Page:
Hey man I'm sorry about your mother and I'm definitely not implying she's at fault. I just wanted to point out that the whole mortgage crisis is more complex than just the "bankers'" fault.

quote:

They were helping people lie about there income, referring them to places that helped generate fake check stubs etc...

I'm sorry but if you lied about your income in order to get a loan you have no right to complain when it gets foreclosed.

If you can't sit down and figure out how much you can afford, maybe you shouldn't be buying a house?
  REPORT THIS POST AS INAPPROPRIATE |  Date Feb. 9 2013 1:56:17
 
Leñador

Posts: 5237
Joined: Jun. 8 2012
From: Los Angeles

RE: Desahucios en Andalucia (in reply to Anders Eliasson

quote:

If you can't sit down and figure out how much you can afford, maybe you shouldn't be buying a house?


Do you know how many stupid people there are?? Enough to cause the longest recession in US history. I agree, people should, but they never will and their stupidity will affect us always. Then people that can afford it loose their jobs and so the snowball continues.........

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  REPORT THIS POST AS INAPPROPRIATE |  Date Feb. 9 2013 2:04:21
 
Anders Eliasson

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RE: Desahucios en Andalucia (in reply to Anders Eliasson

There are many histories here of banks that have made illegal mortgages. Like lenting out 110 - 120% of the value of the house.
It is of course stupid to accept that kind of loans, but there are many stupid people in the world and we have laws to protect them against greedy persons (read banks)

It is illegal to make mortgages that high, but nothing happens. The banks are never touched.

Another thing is that in many cases the value of houses is now some 40% below the value of their mortgages
These 40% we have to pay to the banks. And we will never see them again. During a very short period, these unreal prices (the bubble) were created and the banks are making enourmous profits on that. Still, they whine, throw people on the streets and Spain gets payed 60 billions of euros from the EU in order to save the banks. What is important is to save the countrys totally sick and corrupt political and economical system.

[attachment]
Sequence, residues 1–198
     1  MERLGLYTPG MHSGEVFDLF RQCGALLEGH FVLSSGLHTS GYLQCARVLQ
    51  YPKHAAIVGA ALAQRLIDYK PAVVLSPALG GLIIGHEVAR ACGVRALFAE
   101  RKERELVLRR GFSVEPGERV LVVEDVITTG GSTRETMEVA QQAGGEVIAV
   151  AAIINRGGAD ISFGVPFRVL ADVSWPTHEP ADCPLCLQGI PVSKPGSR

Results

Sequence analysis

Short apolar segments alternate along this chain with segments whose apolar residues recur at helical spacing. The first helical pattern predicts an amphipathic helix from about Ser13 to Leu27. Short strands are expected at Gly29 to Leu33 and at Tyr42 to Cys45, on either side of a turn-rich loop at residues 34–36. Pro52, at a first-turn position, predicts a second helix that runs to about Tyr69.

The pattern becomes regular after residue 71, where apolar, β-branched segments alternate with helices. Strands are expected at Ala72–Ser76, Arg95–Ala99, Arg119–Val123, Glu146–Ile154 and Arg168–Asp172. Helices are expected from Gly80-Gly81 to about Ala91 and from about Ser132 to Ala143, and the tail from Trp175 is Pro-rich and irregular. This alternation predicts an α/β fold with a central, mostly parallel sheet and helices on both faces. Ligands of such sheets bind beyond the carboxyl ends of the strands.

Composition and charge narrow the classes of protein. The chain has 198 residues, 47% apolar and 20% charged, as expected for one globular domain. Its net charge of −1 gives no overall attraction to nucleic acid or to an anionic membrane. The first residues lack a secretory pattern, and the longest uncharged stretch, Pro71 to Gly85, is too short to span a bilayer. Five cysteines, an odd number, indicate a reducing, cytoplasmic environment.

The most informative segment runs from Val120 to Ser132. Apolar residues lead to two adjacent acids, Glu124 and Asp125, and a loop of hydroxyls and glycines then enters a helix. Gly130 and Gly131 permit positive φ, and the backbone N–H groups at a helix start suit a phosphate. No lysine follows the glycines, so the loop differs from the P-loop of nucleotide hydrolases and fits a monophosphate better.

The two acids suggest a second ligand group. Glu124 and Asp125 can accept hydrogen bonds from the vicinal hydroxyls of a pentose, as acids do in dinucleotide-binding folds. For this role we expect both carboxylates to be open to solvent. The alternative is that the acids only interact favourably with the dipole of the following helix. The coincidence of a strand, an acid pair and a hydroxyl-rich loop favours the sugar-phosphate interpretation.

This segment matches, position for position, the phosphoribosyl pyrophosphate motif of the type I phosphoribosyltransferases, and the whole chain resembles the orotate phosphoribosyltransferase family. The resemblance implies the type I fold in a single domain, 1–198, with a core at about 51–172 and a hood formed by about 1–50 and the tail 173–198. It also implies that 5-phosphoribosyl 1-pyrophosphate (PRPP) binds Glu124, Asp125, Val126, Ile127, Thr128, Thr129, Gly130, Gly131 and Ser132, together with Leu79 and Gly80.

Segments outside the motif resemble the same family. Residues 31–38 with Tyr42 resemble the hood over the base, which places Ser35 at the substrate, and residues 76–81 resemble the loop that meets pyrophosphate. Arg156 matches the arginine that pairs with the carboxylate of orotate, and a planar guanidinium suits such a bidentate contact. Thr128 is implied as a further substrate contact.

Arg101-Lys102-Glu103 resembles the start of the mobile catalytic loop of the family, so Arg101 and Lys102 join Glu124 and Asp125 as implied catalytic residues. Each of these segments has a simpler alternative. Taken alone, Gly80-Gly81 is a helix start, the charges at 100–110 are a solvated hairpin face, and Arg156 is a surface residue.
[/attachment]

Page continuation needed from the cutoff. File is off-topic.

In my eyes, politicians and bankiers are the lowest social caste. They have totally lost any kind of dignity they may once have had.

But I can see from some of the replies here and from what other people living outside Spain have told me, that the Spanish government has succeded in making the rest of the world believe that they are doing something about the enourmos social problems that the country are having. Its one BIG lie but so typical of politicians. Besides, the housing and banking issues, unemployment is still going up. 26% in the country and 60 - 65% amongst young people under 26 living in andalucia. Prices and taxes are going up a lot. we have political scandals all the time. Strikes all the time ETC.

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  REPORT THIS POST AS INAPPROPRIATE |  Date Feb. 9 2013 8:28:10
 
brandoscostumes

 

Posts: 47
Joined: Aug. 28 2010
 

RE: Desahucios en Andalucia (in reply to Leñador

quote:

ORIGINAL: Lenador

quote:

If you can't sit down and figure out how much you can afford, maybe you shouldn't be buying a house?


Do you know how many stupid people there are?? Enough to cause the longest recession in US history. I agree, people should, but they never will and their stupidity will affect us always. Then people that can afford it loose their jobs and so the snowball continues.........


the majority of blame has to be with the government since they set the rules the banks are supposedly playing by. anytime the government interferes it creates unwanted side-effects and the example of 'affordable housing' is clear as day and goes back decades. rent control leads to reduced supply/inflated prices which physically drives out the people they were designed to help (e.g. blacks in san francisco) and reduced credit requirements (no down payment, no job, etc) lead to an explosion of risky mortgages. the public outrage is misdirected; otherwise they would vote out politicians who create these problems out of thin air. no place is more exemplary of this than bankrupt high-tax high-regulation california.